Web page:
There’s an elephant sitting largely undisturbed in the GVP living room, and it consists of the 75,000 times each year when someone picks up a gun and uses it to hurt someone else. In medicine this is referred to as ‘intentional injury/firearm.’ The cops call it an aggravated assault but if the bullet hits a vital spot, then a homicide has occurred. Either way, these events account for more than two-thirds of all gun injuries, and the number appears to be going up. For sure it’s going up in places like Chicago and Detroit, where rates have always exceeded national averages for violence caused with guns.
With all due respect to the energy and commitment if GVP activists, I still don’t believe this problem is being addressed at its core. It’s all well and good to ask the government to expand background checks on private gun sales, or crack down on straw sales, or pass stronger laws against gun trafficking, and I’m not arguing against the utility of such plans; I’m simply saying that none of those strategies attack the root of the problem, and the root is not supply but demand. Because what all those programs have in common is the belief that if the supply of guns that might end up in the wrong hands is choked off at the point where those guns enter or re-enter the market, this will lead to a smaller number of illegal guns, which will lead to fewer guns getting into the wrong hands, which will lead to less guns being used to inflict injuries on others.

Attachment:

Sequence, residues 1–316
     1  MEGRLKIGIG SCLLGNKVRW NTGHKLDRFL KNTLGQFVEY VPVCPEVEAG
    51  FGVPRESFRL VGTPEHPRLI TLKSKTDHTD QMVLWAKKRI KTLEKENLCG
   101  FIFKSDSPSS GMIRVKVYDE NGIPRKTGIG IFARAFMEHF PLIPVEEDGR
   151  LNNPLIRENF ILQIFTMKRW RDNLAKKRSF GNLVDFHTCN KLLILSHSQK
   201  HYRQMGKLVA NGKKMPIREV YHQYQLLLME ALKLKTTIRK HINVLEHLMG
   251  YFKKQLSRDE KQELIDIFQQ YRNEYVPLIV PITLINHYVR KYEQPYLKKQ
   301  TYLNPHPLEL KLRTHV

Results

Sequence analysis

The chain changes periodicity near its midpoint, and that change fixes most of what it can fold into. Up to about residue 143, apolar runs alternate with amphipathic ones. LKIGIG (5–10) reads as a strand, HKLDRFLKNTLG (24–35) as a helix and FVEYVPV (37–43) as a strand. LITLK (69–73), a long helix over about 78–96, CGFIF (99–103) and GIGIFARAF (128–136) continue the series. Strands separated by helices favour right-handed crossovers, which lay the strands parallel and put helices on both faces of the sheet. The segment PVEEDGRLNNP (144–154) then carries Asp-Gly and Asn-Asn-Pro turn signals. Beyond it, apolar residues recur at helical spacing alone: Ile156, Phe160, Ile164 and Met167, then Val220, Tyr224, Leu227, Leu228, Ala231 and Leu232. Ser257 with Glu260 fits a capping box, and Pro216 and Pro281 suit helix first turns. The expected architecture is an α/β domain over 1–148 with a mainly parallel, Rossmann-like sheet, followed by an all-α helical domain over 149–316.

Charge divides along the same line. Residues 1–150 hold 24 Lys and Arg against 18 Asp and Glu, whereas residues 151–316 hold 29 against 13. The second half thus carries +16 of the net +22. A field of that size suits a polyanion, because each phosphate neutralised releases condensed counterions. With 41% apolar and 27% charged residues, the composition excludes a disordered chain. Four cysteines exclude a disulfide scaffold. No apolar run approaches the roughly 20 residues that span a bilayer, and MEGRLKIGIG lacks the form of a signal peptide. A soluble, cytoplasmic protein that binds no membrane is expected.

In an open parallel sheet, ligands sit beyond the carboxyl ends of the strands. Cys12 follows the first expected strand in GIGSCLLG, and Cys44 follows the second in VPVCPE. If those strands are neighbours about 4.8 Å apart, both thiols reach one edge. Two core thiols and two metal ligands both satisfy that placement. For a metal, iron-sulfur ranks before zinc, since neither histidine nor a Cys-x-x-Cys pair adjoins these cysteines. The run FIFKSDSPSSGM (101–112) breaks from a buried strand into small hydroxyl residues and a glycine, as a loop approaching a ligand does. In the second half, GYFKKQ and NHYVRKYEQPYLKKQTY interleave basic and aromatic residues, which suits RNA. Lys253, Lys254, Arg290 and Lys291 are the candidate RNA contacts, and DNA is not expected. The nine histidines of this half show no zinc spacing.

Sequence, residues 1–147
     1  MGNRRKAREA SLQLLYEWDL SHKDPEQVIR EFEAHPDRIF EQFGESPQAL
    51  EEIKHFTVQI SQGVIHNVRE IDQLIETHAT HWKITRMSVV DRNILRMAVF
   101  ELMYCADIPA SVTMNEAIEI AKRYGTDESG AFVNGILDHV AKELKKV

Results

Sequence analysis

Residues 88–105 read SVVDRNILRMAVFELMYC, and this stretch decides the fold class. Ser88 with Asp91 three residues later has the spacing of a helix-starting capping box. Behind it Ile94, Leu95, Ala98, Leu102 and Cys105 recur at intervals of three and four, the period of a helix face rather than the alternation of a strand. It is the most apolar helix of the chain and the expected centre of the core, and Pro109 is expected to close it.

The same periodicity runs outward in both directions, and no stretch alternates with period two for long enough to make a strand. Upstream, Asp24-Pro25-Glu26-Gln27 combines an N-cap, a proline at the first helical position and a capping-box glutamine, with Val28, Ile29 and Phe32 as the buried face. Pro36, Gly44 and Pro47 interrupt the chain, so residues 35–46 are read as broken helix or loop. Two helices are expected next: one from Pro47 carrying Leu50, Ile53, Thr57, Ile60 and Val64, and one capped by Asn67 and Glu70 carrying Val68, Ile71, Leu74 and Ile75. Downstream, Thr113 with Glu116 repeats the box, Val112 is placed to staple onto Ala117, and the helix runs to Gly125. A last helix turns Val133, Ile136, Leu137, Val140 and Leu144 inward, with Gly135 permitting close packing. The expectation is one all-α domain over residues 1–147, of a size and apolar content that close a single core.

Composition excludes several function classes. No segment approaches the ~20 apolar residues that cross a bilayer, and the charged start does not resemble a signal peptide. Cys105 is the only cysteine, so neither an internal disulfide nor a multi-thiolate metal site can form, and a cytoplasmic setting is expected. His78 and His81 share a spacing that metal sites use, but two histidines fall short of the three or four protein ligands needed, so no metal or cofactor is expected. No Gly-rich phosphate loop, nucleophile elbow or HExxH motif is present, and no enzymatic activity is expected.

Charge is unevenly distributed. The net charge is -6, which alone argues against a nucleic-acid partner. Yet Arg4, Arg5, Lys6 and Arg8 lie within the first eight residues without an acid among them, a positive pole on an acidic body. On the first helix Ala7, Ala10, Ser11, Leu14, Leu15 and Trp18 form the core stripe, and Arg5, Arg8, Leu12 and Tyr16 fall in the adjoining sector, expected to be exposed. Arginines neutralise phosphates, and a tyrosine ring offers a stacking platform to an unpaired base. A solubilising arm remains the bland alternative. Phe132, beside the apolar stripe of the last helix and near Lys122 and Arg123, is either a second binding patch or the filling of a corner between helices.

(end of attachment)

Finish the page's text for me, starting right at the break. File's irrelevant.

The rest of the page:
Unfortunately, while we know a lot about the supply side of the argument, we know next to nothing about the demand for guns. Why do a small percentage of individuals who commit violent acts against others commit these acts by using guns? According to the CDC, there were 2.3 million intentional, violence-related injuries in 2013, of which 78,000, or 3%, were caused by guns. So while we focus our thoughts and concerns on the 3%, the fact is that 97% of people who commit violent acts choose not to use a gun. And I simply don’t believe that the motives which explain that choice can be assumed to reflect difficulties in getting hold of a gun. Particularly because in neighborhoods where most gun violence occurs, even the younger kids will tell you that a gun can easily be acquired in 24 hours or less.
The problem with choking off guns at the point of supply is that most such policies would require some change in behavior of law-abiding sellers or buyers of guns. The movie, Making A Killing, includes a segment about Chuck’s Gun Shop, out of whose inventory comes many guns that end up being used in Chicago crimes. Know what happened after Chuck’s promised to be more vigilant in checking who was buying their guns? Gun violence in Chicago went up. I know, I know. There are plenty of other gun shops located close enough to the Windy City where the bad guys can get guns. That’s exactly my point. As long as guns are legal commerce, don’t ask me how, don’t ask me why, the market will find some way to satisfy demand.
Back in the 16th Century, the French monarchy imposed a very strict tariff on salt, the gabelle, in order to raise funds for the always-depleted royal treasury. Know what happened? Salt smuggling became the #1 non-farming occupation in Southern France. It’s a mistake which we make all the time to differentiate between the ‘legal’ market and the ‘illegal’ or ‘black’ market, because in fact they operate exactly the same way. A market, legal or illegal, is created whenever there is an exchange of products for money and regulating the former may have little or no impact on the latter.
Of course there’s one infallible way to regulate both markets when it comes to guns. And we all know what that way is.